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Year : 2007  |  Volume : 12  |  Issue : 1  |  Page : 1-2

Congenital pouch colon: Present lacunae

Department of Pediatric Surgery, All India Institute of Medical Sciences, New Delhi - 110 029, India

Correspondence Address:
Devendra K Gupta
Department of Pediatric Surgery, All India Institute of Medical Sciences, New Delhi - 110 029
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Source of Support: None, Conflict of Interest: None

DOI: 10.4103/0971-9261.31079

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How to cite this article:
Gupta DK. Congenital pouch colon: Present lacunae. J Indian Assoc Pediatr Surg 2007;12:1-2

How to cite this URL:
Gupta DK. Congenital pouch colon: Present lacunae. J Indian Assoc Pediatr Surg [serial online] 2007 [cited 2023 Jun 8];12:1-2. Available from: https://www.jiaps.com/text.asp?2007/12/1/1/31079

The current issue of the JIAPS includes many articles on the rare variant of anorectal malformation - pouch colon. The condition of congenital pouch colon has been seen as a curiosity ever since its first description in 1912 by Spriggs in a London Hospital Museum specimen with absence of the left half of the colon and rectum.[1] Various terms have been used to describe this entity including pouch-like dilatation of shortened colon, exstrophia splanchnica, absence of colon and rectum, cystic dilatation of colon, short colon, colonic reservoir, congenital atresia of anus with short colon malformation, pouch colon syndrome, association of imperforate anus with short colon (AIASC) and congenital pouch colon. [2],[3],[4],[5],[6],[7],[8],[9],[10] The term has now been included as rare variant, in the Krickenbeck classification of anorectal malformations.[11],[12]

Congenital pouch colon is a condition associated with anorectal agenesis, particularly seen in Asia, and is defined as an anomaly in which whole or part of the colon is replaced by a pouch-like dilatation, which communicates distally with the urogenital tract by a large fistula.[13] The mesentery of this pouch of variable size (5-15 cm in diameter) is short and poorly developed, wall is very thick, the taenia coli are absent or ill defined, haustration and the appendices epiploicae are absent. The blood supply to the pouch is abnormal. The main pouch is supplied by the branches arising from the superior mesenteric artery that form a leash of vessels around it. There is no transitional zone between the pouch colon and the normal bowel. The pattern changes suddenly and sharply. The colon wall is thick and muscular with hypertrophied mucosa. The histology is also different and marked with two striking features; a very thick sub-mucosal layer and a criss-cross pattern of decussating fibers in the muscle coat. The normal longitudinal and circular pattern is found lost.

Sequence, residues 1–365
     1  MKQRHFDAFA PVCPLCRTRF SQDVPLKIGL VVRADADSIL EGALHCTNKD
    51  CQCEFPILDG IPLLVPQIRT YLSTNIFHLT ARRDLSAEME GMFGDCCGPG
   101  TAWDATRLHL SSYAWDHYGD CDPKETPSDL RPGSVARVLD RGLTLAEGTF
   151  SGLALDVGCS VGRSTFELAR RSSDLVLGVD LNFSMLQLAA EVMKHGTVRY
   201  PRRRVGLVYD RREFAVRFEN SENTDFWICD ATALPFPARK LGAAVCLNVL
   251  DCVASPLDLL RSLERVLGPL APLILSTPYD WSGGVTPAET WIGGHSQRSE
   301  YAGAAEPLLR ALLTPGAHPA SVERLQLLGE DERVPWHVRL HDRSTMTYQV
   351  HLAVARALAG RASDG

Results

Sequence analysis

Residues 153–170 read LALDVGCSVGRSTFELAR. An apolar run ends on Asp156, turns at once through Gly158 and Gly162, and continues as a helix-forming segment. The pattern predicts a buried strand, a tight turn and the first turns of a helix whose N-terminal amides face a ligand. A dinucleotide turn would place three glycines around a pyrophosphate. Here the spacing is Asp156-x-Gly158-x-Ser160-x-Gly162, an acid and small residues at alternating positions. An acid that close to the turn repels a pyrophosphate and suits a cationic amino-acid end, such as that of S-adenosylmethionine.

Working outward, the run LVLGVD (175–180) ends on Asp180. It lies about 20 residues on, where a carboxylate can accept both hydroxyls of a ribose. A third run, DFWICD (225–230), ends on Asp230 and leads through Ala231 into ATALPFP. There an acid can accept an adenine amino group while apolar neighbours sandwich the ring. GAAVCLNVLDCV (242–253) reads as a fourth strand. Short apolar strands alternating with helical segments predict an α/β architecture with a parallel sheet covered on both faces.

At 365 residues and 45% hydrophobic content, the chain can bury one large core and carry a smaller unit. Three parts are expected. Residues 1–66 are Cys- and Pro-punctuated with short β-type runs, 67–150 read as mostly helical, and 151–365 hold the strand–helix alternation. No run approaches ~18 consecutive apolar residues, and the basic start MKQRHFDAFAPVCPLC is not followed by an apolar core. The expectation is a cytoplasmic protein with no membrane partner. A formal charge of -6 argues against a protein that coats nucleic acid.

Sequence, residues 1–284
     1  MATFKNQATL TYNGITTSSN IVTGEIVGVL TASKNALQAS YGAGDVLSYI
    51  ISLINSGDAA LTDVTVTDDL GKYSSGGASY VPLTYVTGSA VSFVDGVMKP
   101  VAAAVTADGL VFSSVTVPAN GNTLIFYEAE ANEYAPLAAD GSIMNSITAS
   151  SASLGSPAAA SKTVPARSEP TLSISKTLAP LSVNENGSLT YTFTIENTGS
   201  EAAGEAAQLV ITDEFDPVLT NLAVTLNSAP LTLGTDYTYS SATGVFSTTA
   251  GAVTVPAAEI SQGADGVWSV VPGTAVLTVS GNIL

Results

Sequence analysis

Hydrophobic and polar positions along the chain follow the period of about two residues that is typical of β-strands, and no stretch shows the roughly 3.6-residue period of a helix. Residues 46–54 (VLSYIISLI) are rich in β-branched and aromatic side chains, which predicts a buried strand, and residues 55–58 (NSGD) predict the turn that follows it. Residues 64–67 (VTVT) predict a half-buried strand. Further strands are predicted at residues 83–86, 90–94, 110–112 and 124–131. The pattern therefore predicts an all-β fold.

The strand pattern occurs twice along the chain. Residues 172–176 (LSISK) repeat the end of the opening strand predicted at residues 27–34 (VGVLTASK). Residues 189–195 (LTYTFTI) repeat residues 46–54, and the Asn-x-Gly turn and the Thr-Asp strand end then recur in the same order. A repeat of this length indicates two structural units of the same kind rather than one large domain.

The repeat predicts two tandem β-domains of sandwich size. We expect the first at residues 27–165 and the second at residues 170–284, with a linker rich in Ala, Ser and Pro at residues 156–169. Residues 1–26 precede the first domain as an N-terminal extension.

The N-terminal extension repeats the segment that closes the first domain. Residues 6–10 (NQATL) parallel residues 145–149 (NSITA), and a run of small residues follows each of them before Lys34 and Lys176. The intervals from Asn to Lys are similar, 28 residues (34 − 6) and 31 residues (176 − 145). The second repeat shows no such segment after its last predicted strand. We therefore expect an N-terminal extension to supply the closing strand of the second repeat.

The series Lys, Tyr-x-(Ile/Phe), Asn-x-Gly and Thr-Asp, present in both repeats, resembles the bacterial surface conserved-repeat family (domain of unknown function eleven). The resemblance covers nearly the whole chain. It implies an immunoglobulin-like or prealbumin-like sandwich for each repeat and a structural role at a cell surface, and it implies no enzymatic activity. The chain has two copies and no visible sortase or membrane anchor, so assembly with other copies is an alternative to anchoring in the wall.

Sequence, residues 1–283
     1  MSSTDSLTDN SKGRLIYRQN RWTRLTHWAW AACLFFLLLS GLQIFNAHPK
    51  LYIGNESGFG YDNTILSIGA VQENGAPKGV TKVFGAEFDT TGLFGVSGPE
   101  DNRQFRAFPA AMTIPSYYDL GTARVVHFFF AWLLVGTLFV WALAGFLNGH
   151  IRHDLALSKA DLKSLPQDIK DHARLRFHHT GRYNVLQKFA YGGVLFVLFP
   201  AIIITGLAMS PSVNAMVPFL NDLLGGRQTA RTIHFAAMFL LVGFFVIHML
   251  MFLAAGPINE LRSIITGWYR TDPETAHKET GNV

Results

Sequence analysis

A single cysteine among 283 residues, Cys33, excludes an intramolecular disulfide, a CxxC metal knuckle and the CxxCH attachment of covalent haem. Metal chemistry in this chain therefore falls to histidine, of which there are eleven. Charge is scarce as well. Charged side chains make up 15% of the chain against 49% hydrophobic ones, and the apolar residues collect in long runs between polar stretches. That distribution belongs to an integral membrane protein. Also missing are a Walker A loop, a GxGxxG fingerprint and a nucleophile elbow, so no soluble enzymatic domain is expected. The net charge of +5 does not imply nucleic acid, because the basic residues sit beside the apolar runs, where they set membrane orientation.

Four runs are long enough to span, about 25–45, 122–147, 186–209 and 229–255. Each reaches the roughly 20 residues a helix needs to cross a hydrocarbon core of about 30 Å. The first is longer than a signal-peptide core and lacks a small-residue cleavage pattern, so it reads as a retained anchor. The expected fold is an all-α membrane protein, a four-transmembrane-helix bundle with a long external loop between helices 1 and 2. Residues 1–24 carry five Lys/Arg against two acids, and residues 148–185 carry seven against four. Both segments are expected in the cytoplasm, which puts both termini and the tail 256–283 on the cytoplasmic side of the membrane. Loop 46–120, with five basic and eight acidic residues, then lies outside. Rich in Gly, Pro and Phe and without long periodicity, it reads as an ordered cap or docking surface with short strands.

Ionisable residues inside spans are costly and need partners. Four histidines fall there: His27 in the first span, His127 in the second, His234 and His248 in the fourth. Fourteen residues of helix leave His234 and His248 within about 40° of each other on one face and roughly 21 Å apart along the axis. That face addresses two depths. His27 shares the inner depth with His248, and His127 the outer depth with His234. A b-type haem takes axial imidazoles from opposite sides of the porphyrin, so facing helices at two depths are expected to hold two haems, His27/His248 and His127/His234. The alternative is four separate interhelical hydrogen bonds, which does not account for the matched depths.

This condition is seen much more frequently in the northern, north western and central part of India and neighboring nations like Pakistan, Bangladesh and Nepal. Most of the patients have come from the states of Punjab, Uttar Pradesh and Delhi. Only a few reports have originated from China, Japan, Sweden, United Kingdom and other parts of the world. The cause of this unique geographical distribution has not yet been ascertained.

There is a need for following a uniform definition, classification and management policy.

  1. The term congenital pouch colon is more descriptive and the infrequently used term short colon should preferably be avoided to avoid confusion in terminology.
  2. For classification, it is much simpler and appropriate to use only the terms "Incomplete" and "Complete" pouch colon.[13] It is incomplete congenital pouch colon if it involves only the terminal colon, where the length of the remaining normal colon is adequate enough for performing the pull through, without the need for doing a coloplasty, and complete congenital pouch colon is the one in which most of the colon is involved in the pouch formation, leaving insufficient normal colon for performing the pull through without the need for a coloplasty. The overall incidence of pouch colon is about 7-9% of all cases of the anorectal malformations in North India. Interestingly, during the past 25 years, whereas the incidence of complete pouch colon has decreased, that of incomplete congenital pouch colon has increased. Presently, incomplete pouch colon is almost three times more common than the complete variety.